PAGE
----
Cepstral analysis techniques (there are many variants) essentially look for strong harmonic structures in a frequency spectrum by doing a Fourier transform (some use forward, some backward) on a log-amplitude version of the frequency spectrum. A regular harmonic sequence is a repeating pattern of amplitude spikes; this isn't a periodic signal, but it behaves enough like one such that the further transform consolidates the harmonics into a single, strong peak in the 'Cepstral' domain.

The Cepstrum is especially valuable for analyzing voice, where it excels as finding the fundamental and basic formant structure of vowels and voiced consonants. Unfortunately, the cepstrum is only good at picking out a single harmonic structure; multi-voice sounds substantially impair its sensitivity (it can detect both, but with far less margin against noise) and pure sinusoids are completely invisible to the technique.

As expected, cepstral analysis excels at finding the fundamentals in voice samples. It's not clear that it's more useful than naive thresholding elsewhere.

Multi-scale thresholding

Short tone bursts aren't perceived as tones, but rather as clicks or bands of noise with tonal coloration. The transition from click to tone is gradual and frequency dependent.

This suggests that acceptable sinusoidal seeding and tracking will need to be performed hierarchically, with higher frequencies using faster detection/tracking, and lower frequencies using slower tracking.

Though conceptually unrelated, multi-scale analysis should also be tested using slow, long-window FFTs to better see faint sinusoids hidden in noise. It's possible that sinusoidal sensation may not be a binary quantity, but that long tone bursts would be audible at much lower thresholds than short tone bursts (I expect some research has been done on this, I just need to find it). Do these tones contribute to sinusoidal sensation, or only to narrowband noise color?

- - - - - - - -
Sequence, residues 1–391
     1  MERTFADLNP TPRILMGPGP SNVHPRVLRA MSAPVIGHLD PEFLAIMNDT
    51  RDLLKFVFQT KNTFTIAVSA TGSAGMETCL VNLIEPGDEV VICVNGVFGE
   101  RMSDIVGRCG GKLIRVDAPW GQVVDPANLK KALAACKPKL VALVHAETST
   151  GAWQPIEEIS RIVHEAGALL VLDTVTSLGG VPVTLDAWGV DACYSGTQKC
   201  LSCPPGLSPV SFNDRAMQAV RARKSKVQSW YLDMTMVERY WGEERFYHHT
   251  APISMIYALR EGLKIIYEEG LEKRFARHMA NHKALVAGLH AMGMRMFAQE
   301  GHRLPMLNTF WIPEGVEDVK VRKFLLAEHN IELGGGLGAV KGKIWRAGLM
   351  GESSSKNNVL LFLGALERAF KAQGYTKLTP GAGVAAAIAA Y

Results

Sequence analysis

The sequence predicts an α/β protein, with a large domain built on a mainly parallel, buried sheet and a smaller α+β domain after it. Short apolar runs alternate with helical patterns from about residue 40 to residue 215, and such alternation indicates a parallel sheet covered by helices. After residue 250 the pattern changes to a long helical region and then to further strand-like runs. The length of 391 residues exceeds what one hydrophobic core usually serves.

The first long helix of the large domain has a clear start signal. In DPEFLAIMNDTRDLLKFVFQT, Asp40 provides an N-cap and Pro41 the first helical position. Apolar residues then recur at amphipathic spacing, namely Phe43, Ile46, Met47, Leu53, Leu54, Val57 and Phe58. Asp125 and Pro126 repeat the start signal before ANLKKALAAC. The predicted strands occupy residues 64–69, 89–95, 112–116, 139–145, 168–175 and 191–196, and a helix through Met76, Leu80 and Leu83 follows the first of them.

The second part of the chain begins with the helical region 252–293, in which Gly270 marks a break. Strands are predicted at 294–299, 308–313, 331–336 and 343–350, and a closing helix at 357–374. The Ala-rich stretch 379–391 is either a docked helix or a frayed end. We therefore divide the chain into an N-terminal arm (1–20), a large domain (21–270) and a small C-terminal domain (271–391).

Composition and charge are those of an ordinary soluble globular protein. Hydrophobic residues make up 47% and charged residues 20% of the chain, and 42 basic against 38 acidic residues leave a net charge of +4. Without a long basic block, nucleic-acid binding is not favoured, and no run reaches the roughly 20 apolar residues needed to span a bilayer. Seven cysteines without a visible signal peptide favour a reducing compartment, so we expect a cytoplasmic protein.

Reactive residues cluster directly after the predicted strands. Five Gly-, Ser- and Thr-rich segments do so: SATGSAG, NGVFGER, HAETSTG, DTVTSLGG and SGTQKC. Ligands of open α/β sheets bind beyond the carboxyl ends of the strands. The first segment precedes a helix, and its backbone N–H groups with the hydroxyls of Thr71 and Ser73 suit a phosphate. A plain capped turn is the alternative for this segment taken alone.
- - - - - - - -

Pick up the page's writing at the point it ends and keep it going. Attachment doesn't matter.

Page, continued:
Sinusoidal tracking

As explained in demo 2, the mechanism by which we fit chirps also becomes the mechanism by which we track chirps from frame to frame. We can extrapolate chirps forward (and backward) seamlessly following sinusoidal energy as it moves between frames and FFT bins. Forward extrapolation of a chirp from a preceding frame into the new frame becomes the initial estimate to the chirp fit estimation algorithm. This eliminates the need to search for the chirp all over again in a new frame, and then try to match it to a preexisting chirp from earlier.

Naturally, the only question is whether this technique can actually be made to work in practice on real audio.

Initial trials: Compmono

At the left is an initial test run using compmono.wav. The audio track is the result synthesized from the sinusoids chosen and tracked. The video portion is a visualization of the tracking data. The top half of the pane is a rolling spectrogram with overlaid cyan lines showing the continuously tracked frequencies of each chirp. The lower half of the pane is the instantaneous spectrum synchronized to the audio. The green line is the FFT of the original audio, and each white 'lollipop' is a chirp that's being tracked.